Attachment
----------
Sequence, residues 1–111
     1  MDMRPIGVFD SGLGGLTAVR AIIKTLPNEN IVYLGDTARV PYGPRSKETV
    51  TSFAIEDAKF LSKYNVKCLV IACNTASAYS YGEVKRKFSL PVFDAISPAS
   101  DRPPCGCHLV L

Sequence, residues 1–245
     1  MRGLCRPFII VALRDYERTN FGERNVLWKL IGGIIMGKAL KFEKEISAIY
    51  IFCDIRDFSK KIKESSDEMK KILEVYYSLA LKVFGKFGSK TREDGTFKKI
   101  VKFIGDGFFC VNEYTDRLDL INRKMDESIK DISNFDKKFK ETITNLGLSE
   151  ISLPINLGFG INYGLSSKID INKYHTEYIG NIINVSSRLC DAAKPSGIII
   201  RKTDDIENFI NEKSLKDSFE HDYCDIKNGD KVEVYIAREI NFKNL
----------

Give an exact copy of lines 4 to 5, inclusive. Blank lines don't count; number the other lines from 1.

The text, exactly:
   101  DRPPCGCHLV L

Sequence, residues 1–245